Despite this success, the authors are not resting on their laurels but are instead tooling up for their next experiments. Given that they measured that about 40% of the molecules were lost to dark states, they propose adding two additional lasers to recapture molecules from these states, which would allow them to scatter about 10,000 photons from SrOH. At this level, increasing the interaction time with the laser and cooling along the direction of the cryogenic molecular beam to slow it down may be enough to load the SrOH into a magneto-optical trap, where the collision properties of SrOH could be explored. The team has also proposed to continue their quest for larger molecules, by replacing the H in SrOH with more complex groups ranging from to which, while adding new degrees of freedom, should retain the necessary properties for laser cooling.
While it is certainly early in the exploration of polyatomic laser cooling, the future of this work is extremely exciting. If polyatomic molecules can be brought under the same level of control as we currently have over atoms, there would be enormous technological and scientific benefits. The extra degrees of freedom of these species yield convenient spaces for exploring ideas ranging from precision tests of physics, such as searches for variations in the fundamental constants, to quantum computation and simulation. Further, with cold chiral molecules, such as SrOCHDT, it could be possible to directly measure the energy difference, due to the weak force, between molecules that differ only by their handedness. Such a measurement may give hints as to why life seems to prefer organic molecules of one handedness over another .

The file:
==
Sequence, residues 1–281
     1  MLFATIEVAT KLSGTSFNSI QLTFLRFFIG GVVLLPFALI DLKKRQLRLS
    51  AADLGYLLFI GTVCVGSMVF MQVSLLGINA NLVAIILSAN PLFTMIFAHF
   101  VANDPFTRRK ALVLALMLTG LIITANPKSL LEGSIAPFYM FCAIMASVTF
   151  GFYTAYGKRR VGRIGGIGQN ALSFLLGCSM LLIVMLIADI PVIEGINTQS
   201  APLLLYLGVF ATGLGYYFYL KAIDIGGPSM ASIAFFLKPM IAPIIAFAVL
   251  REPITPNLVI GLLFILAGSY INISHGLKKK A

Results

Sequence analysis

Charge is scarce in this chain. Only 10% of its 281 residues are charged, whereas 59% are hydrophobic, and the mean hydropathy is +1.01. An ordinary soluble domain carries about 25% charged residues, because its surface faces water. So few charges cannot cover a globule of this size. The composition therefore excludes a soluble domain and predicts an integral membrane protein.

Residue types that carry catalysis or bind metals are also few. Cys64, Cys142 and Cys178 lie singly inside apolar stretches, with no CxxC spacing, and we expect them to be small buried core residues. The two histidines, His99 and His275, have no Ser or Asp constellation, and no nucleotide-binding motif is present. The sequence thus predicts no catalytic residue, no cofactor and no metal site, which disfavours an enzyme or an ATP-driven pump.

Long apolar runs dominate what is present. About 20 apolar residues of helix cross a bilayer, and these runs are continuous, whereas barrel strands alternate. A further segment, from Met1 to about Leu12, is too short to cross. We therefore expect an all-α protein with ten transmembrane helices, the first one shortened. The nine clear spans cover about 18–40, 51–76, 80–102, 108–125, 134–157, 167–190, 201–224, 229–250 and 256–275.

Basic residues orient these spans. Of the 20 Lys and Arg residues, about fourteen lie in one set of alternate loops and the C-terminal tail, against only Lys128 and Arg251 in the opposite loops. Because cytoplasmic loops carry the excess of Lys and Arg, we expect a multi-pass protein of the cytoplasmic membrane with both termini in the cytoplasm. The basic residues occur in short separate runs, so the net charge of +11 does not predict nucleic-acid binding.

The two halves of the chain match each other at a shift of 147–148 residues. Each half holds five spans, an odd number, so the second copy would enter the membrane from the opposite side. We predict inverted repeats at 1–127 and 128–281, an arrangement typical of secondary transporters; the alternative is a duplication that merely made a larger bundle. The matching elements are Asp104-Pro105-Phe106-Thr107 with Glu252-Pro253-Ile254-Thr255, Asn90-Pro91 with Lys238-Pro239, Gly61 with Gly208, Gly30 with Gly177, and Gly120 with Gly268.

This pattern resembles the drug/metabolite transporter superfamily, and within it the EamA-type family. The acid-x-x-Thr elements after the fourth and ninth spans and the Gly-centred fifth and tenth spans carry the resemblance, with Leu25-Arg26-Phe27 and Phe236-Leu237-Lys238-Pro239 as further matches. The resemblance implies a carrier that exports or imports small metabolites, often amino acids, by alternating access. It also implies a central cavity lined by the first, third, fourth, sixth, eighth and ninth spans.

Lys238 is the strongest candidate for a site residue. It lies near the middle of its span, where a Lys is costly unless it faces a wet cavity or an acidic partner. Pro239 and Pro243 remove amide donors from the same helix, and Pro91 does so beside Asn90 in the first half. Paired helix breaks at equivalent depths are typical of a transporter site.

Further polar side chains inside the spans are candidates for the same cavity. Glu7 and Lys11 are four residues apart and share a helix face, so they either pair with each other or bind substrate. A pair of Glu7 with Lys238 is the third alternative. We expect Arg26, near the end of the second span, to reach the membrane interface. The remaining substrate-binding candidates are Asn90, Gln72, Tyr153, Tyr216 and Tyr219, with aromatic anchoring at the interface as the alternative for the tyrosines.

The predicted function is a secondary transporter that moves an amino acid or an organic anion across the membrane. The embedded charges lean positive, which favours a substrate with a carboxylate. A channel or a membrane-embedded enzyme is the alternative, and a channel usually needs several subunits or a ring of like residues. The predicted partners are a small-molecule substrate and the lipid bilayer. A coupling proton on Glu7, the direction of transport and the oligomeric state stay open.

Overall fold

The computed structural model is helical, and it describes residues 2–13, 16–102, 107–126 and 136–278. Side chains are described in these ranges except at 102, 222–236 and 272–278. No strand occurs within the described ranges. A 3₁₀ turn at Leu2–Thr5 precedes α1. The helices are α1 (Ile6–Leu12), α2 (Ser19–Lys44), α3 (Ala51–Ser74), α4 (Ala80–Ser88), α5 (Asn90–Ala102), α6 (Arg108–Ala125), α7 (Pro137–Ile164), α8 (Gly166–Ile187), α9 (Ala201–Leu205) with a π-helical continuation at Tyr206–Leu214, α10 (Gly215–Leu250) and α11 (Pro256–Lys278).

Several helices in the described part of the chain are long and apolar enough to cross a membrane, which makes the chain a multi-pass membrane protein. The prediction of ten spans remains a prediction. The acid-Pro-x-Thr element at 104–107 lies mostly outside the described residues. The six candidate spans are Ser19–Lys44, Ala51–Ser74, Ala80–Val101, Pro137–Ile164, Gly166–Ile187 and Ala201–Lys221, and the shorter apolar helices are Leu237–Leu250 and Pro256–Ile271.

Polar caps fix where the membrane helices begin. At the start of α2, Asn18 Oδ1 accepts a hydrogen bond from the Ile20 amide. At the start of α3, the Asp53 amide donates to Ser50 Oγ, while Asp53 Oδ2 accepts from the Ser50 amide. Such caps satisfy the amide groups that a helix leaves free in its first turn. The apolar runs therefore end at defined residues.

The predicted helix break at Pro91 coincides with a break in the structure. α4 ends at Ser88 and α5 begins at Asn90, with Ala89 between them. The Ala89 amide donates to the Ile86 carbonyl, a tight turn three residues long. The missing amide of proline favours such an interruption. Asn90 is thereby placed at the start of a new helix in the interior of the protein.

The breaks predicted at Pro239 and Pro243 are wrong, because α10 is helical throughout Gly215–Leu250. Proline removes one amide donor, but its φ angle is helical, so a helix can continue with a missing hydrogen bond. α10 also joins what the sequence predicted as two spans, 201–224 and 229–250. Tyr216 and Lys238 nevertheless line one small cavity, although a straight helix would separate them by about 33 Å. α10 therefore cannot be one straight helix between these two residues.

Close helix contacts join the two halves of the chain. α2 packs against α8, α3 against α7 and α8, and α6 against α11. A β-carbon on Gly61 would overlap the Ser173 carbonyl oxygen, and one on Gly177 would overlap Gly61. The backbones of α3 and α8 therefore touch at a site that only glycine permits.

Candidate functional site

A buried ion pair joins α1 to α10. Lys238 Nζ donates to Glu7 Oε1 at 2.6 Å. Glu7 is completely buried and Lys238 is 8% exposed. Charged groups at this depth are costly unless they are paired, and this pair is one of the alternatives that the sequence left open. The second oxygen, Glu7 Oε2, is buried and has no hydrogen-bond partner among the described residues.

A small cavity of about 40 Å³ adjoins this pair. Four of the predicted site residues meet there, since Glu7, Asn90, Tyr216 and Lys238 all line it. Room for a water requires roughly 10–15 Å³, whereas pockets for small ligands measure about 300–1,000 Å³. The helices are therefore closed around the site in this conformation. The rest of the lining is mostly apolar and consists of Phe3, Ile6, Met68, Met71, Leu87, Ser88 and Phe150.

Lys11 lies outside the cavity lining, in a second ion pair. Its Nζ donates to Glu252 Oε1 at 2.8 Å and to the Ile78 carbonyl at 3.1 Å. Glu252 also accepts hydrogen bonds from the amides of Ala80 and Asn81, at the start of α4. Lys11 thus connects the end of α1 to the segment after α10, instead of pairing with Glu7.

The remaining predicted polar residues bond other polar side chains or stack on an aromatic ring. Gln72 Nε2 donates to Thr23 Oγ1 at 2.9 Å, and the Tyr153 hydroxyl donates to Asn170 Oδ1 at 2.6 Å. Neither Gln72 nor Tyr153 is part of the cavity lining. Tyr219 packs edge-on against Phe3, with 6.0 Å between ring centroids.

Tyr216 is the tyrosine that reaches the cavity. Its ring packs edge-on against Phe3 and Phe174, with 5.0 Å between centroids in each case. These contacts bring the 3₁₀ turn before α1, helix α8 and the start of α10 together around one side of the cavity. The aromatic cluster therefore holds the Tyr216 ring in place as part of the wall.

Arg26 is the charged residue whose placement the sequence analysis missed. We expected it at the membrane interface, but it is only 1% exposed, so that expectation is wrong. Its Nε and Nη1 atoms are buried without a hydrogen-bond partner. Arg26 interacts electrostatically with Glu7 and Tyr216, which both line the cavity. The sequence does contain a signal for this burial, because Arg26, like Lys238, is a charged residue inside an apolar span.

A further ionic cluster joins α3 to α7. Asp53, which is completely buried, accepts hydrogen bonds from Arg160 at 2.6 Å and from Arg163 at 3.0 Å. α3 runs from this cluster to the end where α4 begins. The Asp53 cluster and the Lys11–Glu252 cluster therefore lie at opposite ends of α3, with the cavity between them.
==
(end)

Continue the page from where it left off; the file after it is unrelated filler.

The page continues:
Ten years ago, the idea that diatomic molecules could be laser cooled was borderline science fiction. Yet in 2014, SrF was laser cooled and trapped in a magneto-optical trap , and the present work reports laser cooling of a triatomic molecule. In the next ten years, perhaps our old warning that “a diatomic molecule is one atom too many” will need to be reconsidered as a diatomic molecule becomes one atom too few.
This research is published in Physical Review Letters.
Correction (2 May 2017): An earlier version of the article described a paper reporting Sisyphus cooling of a polyatomic molecule, but it didn’t make clear that a similar paper had previously reported the same type of cooling, albeit slow, for electrically trapped polyatomic molecules [M. Zeppenfeld et al., Nature 491, 570 (2012)]. This has now been corrected.